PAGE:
Storytelling Ideas and Activities

Story Jar Instructions:

  1. Gather some friends.
  2. Gather one jar, acrylic paint, and one rock per friend.
  3. Paint a topic of your choice (e.g., dog, hairbrush, volcano, iguana, equator) on a rock. For example, if you choose a dog, paint a picture of a dog on the rock.
  4. Allow the rocks to dry. Then, place them in the jar.
  5. Have each friend pick a rock from the jar and make up a short story about the picture. You may choose to use a timer and give each storyteller a time limit or leave it open.

Musical Story Instructions

  1. Listen to a song in a language other than your own (e.g., French, Arabic, Spanish, English).
  2. Listen to the instruments, the tempo, the tone of voice, the mood of the song.
  3. Write a story about what you think the song is about.
    • You can also draw or paint a picture, and then write a story to accompany your picture.
  4. If possible, find someone in your community who speaks the language of the song and ask the person what the song is about. Compare your story with the original meaning of the song.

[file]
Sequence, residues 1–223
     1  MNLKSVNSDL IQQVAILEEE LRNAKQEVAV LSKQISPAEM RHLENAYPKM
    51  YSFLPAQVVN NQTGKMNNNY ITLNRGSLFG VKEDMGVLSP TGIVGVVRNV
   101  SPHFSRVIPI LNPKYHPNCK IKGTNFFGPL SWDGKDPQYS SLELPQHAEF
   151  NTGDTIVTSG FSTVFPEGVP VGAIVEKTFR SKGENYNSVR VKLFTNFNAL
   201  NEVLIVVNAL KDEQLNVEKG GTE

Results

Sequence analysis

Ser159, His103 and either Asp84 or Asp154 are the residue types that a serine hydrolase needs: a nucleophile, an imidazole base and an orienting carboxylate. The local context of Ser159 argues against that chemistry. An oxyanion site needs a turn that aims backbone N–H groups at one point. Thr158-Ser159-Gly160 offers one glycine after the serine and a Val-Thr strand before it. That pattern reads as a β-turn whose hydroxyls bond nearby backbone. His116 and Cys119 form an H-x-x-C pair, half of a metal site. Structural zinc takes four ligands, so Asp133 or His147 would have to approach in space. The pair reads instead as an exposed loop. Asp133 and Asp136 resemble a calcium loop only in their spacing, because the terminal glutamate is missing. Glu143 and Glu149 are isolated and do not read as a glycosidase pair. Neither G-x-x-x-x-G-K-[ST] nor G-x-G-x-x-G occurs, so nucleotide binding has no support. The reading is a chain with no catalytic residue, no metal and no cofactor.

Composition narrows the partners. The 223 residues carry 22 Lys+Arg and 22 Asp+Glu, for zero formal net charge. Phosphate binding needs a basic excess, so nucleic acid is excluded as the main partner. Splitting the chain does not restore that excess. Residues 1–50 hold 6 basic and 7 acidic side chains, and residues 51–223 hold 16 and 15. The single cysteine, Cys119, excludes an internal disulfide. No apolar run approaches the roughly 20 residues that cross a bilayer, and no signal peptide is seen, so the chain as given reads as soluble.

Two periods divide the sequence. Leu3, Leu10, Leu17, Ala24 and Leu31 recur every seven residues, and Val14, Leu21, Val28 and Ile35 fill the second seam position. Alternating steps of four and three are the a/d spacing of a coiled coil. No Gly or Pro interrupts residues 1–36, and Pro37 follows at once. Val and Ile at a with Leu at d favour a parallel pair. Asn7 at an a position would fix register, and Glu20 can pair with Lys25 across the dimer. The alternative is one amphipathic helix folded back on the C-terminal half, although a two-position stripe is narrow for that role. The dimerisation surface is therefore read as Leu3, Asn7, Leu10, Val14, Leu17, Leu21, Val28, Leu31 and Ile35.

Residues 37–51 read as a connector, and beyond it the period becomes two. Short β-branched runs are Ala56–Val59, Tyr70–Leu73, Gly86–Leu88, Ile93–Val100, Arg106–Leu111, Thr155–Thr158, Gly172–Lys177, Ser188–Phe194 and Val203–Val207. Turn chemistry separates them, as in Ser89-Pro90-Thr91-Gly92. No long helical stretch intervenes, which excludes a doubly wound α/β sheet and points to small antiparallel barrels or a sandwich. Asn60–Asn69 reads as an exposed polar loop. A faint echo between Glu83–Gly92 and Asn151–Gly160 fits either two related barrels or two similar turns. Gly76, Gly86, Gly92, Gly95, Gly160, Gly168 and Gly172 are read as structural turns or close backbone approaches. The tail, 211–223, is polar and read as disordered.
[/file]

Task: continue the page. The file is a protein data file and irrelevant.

Flip the Story Instructions

  1. Pick a familiar story.
  2. Pick one of the supporting charters and invent a whole new story about the character.
  3. Make the main character from the familiar story the side character in the new story.
  4. Consider the following as you rewrite the story:
    • How might the story change now that the supporting character is the main character?
    • What might the supporting character do differently?
    • How will the main character behave as a supporting character?
    • How might the plot change now that the roles are flipped?
  5. Share your new story with others.

Shell Story Instructions

  1. Collect three different kinds of seashells.
  2. Give each seashell a fun or interesting name.
  3. Tell a short story about how each shell got its name.

(You can replace the shells with leaves, twigs, stones, etc.)

Backward Story Instructions

  1. Gather a group of friends for storytelling time.
  2. Pick one person to start the story. That person should begin by sharing the ending of their made-up story. Example: “And after Aziza and Lauren finished eating the cherries, they raced home on their bikes, giggling and grinning, for it had indeed been the best day of their lives.”
  3. The person who follows will add to the story by sharing what happened before Aziza and Lauren ate the basket of cherries.
  4. Carry on this way until you work your way all the way back to the beginning of the story.